Am I thankful for anything in particular? Well, I'm thankful that I'm alive, and that I'm in fairly good health. Really, that's all that matters to me. No matter how stressful or frustrating life may be---and believe me, over the years I've had my fair share of both---and no matter how worried I sometimes get about my future, at least I'm around to live it. That's certainly something to be thankful for.
I'm also thankful I have my pair of eyes, without which I couldn't soak up the pleasures of films at their sensuous best.
That makes for a rather clumsy segue into Babel (*** out of ****), the recent Alejandro González Iñárritu film that I got to see late Tuesday evening. Does it represent film at its sensuous best? Probably not---but what recent movie does? (Maybe the mostly glorious A Prairie Home Companion---which turned out to be director Robert Altman's final feature, since he died Tuesday at the age of 81.)
Speaking of the late Altman, here we go again with the intercut multiple storylines---the so-called "hyperlink" structure. Last year, two big, self-important hyperlink films---Crash and Syriana---came out of Hollywood, and Babel is a new (and better) addition to that company. Altman was able to pull off using 24 characters in Nashville because he was able to tether all the various stories, themes and emotions to some kind of broad, coherent idea (Nashville as a representation of modern America in all its glory and shortcomings). Crash, alas, was too crude and schematic to come close to matching Altman's humanism; Syriana, for all its genuine political provocation, forgot the emotions. And Babel? Well, Iñárritu is no Altman either---at times he seems like a more compassionate Lars von Trier in the way he likes to make his characters suffer---but his new film certainly has the themes and emotions to make it compelling and, at times, shattering. I'm not so sure it has that broad, coherent idea, however---not the kind that gave his and writer Guillermo Arriaga's splintered storytelling style its interest in their previous collaborations, Amores Perros (2000) and 21 Grams (2003). (Apparently Iñárritu considers Babel his third in an unofficial trilogy that includes those earlier two films.)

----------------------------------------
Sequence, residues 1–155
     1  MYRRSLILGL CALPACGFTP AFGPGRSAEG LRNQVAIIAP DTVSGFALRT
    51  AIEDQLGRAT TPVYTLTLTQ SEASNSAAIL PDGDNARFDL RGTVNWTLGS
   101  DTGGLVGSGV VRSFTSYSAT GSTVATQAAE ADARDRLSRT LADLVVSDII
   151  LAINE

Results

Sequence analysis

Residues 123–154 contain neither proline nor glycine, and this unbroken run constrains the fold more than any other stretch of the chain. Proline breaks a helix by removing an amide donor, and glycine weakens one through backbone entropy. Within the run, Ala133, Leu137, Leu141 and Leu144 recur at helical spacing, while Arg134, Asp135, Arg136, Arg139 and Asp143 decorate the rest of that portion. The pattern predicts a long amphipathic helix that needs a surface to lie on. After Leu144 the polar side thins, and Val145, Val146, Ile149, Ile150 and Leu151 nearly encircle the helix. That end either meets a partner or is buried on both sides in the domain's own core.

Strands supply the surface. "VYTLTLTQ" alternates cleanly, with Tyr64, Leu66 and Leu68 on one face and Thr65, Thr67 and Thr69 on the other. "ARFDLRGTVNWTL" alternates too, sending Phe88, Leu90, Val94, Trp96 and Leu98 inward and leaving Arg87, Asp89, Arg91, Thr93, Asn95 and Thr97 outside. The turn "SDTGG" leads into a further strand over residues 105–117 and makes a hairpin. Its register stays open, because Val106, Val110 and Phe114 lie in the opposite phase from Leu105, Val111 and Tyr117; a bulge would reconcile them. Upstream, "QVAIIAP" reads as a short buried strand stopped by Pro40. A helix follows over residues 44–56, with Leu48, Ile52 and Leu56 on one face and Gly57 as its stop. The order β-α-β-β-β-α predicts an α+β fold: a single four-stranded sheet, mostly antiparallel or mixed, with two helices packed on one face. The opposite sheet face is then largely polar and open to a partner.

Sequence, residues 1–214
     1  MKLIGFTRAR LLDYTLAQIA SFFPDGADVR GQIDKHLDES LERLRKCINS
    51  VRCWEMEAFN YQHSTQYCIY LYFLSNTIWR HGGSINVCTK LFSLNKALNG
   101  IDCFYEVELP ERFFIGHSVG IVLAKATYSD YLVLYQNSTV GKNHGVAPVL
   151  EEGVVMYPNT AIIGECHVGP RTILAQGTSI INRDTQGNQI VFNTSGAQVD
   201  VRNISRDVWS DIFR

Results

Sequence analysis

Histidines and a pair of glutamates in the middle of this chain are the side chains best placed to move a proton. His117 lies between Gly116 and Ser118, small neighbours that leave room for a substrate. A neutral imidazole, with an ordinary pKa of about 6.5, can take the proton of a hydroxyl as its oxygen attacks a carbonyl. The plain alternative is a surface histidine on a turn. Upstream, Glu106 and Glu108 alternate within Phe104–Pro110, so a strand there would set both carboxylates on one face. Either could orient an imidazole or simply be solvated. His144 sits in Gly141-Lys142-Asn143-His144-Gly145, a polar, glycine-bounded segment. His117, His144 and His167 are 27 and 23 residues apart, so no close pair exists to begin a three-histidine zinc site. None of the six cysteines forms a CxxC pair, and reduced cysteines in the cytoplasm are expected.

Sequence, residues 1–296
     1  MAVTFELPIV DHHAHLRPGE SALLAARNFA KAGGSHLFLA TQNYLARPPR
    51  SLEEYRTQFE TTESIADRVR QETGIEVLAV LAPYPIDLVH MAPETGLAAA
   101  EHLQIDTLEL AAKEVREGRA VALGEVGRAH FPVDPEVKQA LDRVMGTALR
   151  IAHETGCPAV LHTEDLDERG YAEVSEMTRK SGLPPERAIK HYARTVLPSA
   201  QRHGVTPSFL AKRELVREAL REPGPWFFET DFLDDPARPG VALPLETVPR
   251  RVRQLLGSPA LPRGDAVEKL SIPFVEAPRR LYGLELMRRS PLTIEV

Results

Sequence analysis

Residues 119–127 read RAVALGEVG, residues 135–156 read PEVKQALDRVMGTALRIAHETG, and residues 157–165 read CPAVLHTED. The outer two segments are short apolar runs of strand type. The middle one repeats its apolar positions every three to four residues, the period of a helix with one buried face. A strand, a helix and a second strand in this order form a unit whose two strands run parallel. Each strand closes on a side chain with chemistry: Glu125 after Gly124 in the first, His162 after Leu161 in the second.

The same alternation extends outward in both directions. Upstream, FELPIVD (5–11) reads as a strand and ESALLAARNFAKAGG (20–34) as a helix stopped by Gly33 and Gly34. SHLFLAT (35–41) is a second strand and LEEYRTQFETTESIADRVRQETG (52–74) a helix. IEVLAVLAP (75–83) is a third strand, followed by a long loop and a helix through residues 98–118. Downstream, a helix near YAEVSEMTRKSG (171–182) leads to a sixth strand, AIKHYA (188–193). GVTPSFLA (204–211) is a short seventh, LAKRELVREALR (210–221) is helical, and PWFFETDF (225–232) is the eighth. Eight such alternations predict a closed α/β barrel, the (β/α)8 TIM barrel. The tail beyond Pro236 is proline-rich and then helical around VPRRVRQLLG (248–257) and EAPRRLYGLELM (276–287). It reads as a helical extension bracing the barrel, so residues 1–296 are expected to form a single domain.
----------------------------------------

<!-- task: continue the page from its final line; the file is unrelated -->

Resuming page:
I guess I can see the appeal of the hyperlink structure: not only does it afford a writer and director a chance to play narrative games and keep an audience on its collective toes, but it also provides an opportunity to try to encapsulate a whole entire world in one movie. (Forget that older films---like, say, Robert Bresson's 1966 Au hasard Balthazar---was able to do this with merely a linking device---a donkey, in the case of Bresson's film.)
Certainly, that is what Iñárritu seems to be trying to do in Babel: suggest the human connections and discontinuities that bind us together or keep us apart the world over. The film's title is highly suggestive in that regard. For those who don't know the bible story of the tower of Babel: when ordinary people decided to band together and try to build a tower to heaven, God was apparently so incensed by their arrogance that he confused their language so that they could not communicate with each other anymore. Babel, appropriately enough, tells four stories in four (or five, if you count sign language) different languages, but the stories it tells deal, to a great extent, with miscommunication, with arrogance (both personal and political), with mistaken assumptions, etc.---in short, with emotions and thoughts that are universal.